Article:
Santa Clarita Valley International (SCVi) Charter school added a new gate to its campus earlier this month that maintains the campus’ “open feel” while giving students more privacy and safety.
Located near the school’s CAFÉ, the gate replaced an existing chain link fence and enclosed The Upper School Quad area.
“What the fence has really done for us is given us that open feel. The kids are still practicing to be autonomous, but it still give that security and that quad area,” said Director of Facilities April Cauthron who spent nine months working with contractors and vendors to design and construct the gate. “It gives it more of a feel of camaraderie in the area for them, like it’s their space.”
Although the physical structure is there, the gate was designed in a unique way that allows students to walk in and out of the staggered, three-paneled steel structure.
“It has spill ways so kids can still walk in and out and have that open concept feel, but it provides that safety concept feel,” Cauthron said.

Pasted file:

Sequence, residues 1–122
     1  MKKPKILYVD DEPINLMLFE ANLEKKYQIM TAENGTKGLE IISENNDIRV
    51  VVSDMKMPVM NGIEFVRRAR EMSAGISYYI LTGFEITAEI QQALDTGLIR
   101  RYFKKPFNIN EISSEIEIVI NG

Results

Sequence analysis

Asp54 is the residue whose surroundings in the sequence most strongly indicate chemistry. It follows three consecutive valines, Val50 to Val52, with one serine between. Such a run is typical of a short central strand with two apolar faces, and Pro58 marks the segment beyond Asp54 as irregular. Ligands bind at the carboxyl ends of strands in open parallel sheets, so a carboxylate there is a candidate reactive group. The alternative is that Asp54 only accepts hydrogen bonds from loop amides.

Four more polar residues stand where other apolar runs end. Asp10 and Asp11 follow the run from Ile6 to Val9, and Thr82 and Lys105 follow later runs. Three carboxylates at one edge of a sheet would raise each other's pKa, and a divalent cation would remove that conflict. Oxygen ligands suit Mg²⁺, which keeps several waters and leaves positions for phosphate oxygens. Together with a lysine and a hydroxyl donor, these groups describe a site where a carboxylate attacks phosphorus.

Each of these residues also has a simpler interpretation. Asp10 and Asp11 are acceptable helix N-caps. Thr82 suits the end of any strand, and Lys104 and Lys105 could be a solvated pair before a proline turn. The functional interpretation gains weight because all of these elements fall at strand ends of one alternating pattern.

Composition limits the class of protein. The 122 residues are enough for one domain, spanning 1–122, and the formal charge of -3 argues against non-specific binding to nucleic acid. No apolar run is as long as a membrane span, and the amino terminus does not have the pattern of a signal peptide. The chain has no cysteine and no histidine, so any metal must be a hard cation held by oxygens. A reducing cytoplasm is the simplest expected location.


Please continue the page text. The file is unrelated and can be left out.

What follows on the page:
Founder and CEO Amber Raskin said the gate was designed that way to continue to “university feeling” of the charter school’s campus, which aims to have an open environment in classroom and outdoor settings.
“We wanted to create community and we wanted to maintain that open-campus feel so we designed it in a way so it does both,” Raskin said. “Our program is prepping kids to go to college and to be independent. We did that intentionally here with the way we designed that.”
The addition also gave students more room for recreational activities like basketball and more privacy in the open quad area.
“We did make the space larger and the administration there is working on ordering more tables and things like that to give it more of a courtyard feel,” Cauthron said.
The structure also acts as a physical safety barrier and as a reminder for students to be vigilant about who should and should not be behind the campus opening.
“As they move forward we want them to be ready for college and we want them to be aware of them of their environment of all times,” Cauthron said. “It gives them more of a sense of ‘Do those people belong on this side of the fence or not.'”
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